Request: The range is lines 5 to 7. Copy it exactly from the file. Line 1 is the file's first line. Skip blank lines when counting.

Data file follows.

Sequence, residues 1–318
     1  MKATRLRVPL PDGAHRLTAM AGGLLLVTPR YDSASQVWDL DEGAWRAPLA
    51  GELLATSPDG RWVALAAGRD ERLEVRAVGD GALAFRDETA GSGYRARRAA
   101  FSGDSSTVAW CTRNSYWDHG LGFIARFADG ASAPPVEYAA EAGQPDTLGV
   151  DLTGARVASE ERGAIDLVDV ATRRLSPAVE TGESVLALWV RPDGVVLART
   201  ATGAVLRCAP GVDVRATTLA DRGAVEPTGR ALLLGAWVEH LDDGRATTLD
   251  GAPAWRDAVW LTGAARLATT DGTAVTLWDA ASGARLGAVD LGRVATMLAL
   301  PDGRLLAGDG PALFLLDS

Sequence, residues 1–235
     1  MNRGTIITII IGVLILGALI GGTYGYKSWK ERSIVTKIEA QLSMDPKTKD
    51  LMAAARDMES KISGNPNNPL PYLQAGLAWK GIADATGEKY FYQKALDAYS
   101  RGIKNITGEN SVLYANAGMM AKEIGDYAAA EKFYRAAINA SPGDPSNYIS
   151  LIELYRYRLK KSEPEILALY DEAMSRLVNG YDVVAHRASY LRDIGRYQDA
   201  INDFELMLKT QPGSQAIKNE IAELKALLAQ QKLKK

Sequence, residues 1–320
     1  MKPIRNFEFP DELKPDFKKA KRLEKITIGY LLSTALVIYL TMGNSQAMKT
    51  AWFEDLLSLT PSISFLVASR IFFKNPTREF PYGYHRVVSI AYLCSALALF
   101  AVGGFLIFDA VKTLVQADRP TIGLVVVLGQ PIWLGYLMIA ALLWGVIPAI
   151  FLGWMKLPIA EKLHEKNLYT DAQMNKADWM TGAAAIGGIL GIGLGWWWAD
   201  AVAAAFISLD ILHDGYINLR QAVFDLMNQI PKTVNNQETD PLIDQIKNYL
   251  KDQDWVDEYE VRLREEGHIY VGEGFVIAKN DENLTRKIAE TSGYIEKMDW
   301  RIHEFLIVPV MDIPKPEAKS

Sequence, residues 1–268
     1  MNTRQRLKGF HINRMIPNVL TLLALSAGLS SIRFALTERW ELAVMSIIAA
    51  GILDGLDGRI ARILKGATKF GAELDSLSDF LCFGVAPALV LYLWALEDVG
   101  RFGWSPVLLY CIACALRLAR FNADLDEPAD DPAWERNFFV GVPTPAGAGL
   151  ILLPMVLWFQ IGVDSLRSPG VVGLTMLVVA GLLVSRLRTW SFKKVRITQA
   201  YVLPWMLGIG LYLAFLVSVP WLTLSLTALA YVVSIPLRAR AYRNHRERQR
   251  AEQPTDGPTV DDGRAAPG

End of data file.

   151  DLTGARVASE ERGAIDLVDV ATRRLSPAVE TGESVLALWV RPDGVVLART
   201  ATGAVLRCAP GVDVRATTLA DRGAVEPTGR ALLLGAWVEH LDDGRATTLD
   251  GAPAWRDAVW LTGAARLATT DGTAVTLWDA ASGARLGAVD LGRVATMLAL